3.1. Reasons for Referral

Patients came with multiple and diverse complaints. Reasons for referral included learning difficulties (due to the consequences of instrumental difficulties, suspicion of attention deficit hyperactivity disorder (ADHD) or intellectual disability; ), or emotional problems or suspicion of emergent psychopathology (). A few () were referred because of autism spectrum disorder (ASD) (doubts regarding diagnosis or difficulties in clinical management).

3.2. NF1 Clinical Characteristics and Intellectual Impairment

Clinical complications of NF1 (skeletal, vascular, malignancy, epilepsy, precocious puberty, the presence of unidentified bright objects (UBOs) in CNS) were present in patients who also had a certain degree of intellectual disability (Table 1), sometimes accompanied by autistic features (patients 1, 2, 4; Table 1). Only, one patient with NF1 complications did not present with an intellectual disability but had a borderline IQ (patient 8; Table 2). In four patients, UBOs were present mainly in the cerebellum and the basal ganglia (patients 1, 2, 4 and 8). NF1 complications motivated frequent medical appointments and hospitalisations, an additional burden for patients and their families. For all the other patients (Table 2) only mild NF1 features, such as café-au-laits spots, intertriginous freckling, few neurofibromas and/or Lisch nodules, were present. These patients all had subnormal IQ.

3.3. NF1 and Learning Disabilities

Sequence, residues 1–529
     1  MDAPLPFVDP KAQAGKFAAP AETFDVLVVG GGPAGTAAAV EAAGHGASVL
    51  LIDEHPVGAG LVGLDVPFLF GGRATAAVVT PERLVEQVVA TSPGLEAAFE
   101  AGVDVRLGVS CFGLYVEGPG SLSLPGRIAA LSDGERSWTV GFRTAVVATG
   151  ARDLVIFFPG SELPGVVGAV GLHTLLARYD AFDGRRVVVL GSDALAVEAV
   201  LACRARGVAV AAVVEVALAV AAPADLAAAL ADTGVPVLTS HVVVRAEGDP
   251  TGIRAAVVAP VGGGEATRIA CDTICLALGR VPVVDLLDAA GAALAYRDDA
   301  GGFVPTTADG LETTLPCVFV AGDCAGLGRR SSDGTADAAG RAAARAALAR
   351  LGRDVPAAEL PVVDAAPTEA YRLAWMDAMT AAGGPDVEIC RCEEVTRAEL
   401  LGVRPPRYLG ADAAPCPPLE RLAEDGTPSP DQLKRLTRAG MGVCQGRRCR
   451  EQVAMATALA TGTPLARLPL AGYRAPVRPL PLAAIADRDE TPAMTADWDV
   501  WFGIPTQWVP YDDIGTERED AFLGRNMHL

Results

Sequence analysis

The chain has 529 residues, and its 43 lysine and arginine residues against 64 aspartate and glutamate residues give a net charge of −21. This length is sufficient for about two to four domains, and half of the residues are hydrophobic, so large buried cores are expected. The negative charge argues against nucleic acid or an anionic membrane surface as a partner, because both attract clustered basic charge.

All patients had learning disabilities that appeared as a primary or secondary cause of referral. For the patients who had subnormal IQ scores (Table 2), it was common to find discrepancies in IQ sub-scales. Within each subscale, scores could vary widely (data not shown). Even if the patients received an average/mean IQ, their global intellectual efficiency was weaker when compared to the general population.

Specific learning disabilities were also common. They included specific language developmental delays (patients 5, 6, 9, 11; Table 2), graphomotor delays (patients 5, 6, 7, 8; Table 2) and developmental coordination disorders (dyspraxia) (patients 8, 9; Table 2). Some patients also had comorbid ADHD (patients 5, 6, 8; Table 2). The extensive developmental evaluation was crucial to disentangle diagnosis and also to guide further therapeutic propositions. Such specific propositions included school adaptations (such as having more time to finish evaluations, the use of computer to write), speech and reading therapies once or twice per week, and motor skills remediation once per week, that lead to improvement (nonpharmacological treatment; Table 2).

Patients with intellectual disabilities (Table 1) arguably presented learning difficulties. Standard tests for cognitive evaluation (such as the Wechsler intelligence scale for children, WISC [29]) were difficult to perform in such patients. In these cases, clinical evaluation and developmental scales were helpful (Brunet Lezine [18]), Terman Merrill [25]), as well as some psychosocial scales (Psychoeducational Profile (PEP) [23], Vineland [28]) that estimate performance in more ecologic day to day activities. In this context, specific evaluations of language, motor, and attentional domains are equally important to guide tailored intervention strategies. Intervention strategies were generally more global in the context of schooling for disabled children.